Intimidation is something many people struggle with. Whenever someone with more confidence or more self assurance steps up within a team, there seems to be this awkward moment between the team and leadership. Leadership has two options, take a step forward, assert dominance, and take control, or take a step back, be willing to listen, and allow this team member to step up and take charge. For many leaders, it is difficult to allow others within their team to lead. However, I believe it is the responsibility of the leader to train up team members to lead alongside them. Being intimidated by confident team members is a downfall of leadership, and it will ultimately cost the company/organization, as people will be stifled and not allowed to explore their strengths and ideas.
We need to learn to humble ourselves and allow others the opportunity to lead. This is difficult for those of us with “A type” personalities. Relinquishing control can be difficult, but when we want to force control, or keep the control to ourselves, we might possibly miss out on potential opportunities and hinder the progress of our team, our company/organization, and most of all, ourselves. Being intimidated is a sign of insecurities, and insecurities can manipulate us into making irrational decisions. As leaders, these irrational decisions can be our downfall and hinder progress for ourselves and our team.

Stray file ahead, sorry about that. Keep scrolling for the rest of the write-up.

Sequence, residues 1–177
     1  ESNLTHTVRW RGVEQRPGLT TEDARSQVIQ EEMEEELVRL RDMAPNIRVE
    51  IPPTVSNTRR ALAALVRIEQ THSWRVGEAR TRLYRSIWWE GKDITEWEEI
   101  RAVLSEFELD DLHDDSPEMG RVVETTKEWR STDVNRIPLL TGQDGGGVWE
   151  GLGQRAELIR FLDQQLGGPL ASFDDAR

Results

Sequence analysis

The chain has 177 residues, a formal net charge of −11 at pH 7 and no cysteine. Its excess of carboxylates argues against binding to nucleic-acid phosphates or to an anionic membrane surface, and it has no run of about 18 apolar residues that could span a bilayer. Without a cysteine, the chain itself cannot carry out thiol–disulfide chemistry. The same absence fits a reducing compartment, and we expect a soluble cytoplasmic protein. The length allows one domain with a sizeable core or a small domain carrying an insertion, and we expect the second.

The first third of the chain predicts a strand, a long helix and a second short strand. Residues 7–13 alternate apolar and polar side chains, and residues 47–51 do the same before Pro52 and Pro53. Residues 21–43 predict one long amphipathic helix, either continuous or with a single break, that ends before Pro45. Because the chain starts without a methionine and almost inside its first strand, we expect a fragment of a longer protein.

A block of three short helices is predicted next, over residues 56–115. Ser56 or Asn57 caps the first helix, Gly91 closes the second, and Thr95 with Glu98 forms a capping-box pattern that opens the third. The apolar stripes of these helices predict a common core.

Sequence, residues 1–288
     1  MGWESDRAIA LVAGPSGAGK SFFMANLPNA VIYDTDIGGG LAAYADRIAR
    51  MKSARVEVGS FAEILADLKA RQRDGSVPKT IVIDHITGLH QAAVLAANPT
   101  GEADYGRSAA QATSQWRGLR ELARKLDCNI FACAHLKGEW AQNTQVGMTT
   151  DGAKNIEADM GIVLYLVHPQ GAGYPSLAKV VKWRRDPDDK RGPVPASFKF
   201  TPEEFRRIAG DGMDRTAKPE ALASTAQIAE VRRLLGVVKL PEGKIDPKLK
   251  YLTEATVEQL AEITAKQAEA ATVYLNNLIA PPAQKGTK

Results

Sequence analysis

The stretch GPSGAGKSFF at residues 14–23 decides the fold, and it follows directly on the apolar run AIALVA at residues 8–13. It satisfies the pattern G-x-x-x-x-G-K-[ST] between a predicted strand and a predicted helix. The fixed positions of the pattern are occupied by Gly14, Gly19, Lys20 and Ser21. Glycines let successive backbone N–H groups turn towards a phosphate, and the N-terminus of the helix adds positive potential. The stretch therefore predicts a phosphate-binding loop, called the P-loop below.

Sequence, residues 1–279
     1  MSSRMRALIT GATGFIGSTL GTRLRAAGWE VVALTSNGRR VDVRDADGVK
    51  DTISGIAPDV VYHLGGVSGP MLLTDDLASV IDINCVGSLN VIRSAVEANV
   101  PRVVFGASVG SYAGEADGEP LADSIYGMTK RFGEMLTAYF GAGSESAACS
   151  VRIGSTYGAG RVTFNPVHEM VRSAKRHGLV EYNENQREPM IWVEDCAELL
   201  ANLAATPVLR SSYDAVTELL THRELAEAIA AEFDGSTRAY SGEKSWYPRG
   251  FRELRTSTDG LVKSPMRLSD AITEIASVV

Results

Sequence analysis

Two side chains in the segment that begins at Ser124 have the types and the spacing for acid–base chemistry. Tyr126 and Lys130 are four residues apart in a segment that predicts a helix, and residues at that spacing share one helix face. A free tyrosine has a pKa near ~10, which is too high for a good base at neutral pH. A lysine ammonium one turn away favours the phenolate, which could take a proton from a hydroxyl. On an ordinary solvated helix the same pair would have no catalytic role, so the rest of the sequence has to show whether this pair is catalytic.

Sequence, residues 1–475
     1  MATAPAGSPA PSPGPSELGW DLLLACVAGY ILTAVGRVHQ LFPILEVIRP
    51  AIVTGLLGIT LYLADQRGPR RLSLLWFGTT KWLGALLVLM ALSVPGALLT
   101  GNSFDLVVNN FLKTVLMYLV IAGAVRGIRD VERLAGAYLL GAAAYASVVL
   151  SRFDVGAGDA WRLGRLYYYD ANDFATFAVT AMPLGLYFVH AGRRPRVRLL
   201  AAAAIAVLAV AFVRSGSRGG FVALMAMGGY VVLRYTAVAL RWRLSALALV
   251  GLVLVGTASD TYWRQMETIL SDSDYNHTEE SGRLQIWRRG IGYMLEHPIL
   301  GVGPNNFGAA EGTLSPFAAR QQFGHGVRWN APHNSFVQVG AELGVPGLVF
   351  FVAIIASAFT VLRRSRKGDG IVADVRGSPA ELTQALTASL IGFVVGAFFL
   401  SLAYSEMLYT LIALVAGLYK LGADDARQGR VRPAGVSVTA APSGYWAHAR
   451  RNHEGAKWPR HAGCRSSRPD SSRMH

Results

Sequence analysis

We must never forget that the primary job of any leader is to bring up future leaders to one day take our place. This means we must learn to let go of control and allow others the opportunity to rise to the occasion. The health and maturity of our team is strengthened by giving members within our team the opportunity to take charge. However, it is the leader's responsibility to praise their team when things go right, and take ownership when things go wrong. If the team member that stepped up to the challenge falls flat on their face, it is because leadership failed them.
We as leaders need to become less “sage on the stage” and more “guid on the side.” We need to be attentive, but not controlling. We need to be engaged, but not overbearing. There is a special balance that leaders must maintain when leading. We need to learn to let go of control and allow members of our team to take charge.
Remember, leadership is not about you. It’s about those you lead. If individuals in your team want to take charge, let them. If they make mistakes, guide them. Help them become the best leaders they can be by letting go of control and letting them take charge.
As always, stay humble and serve well!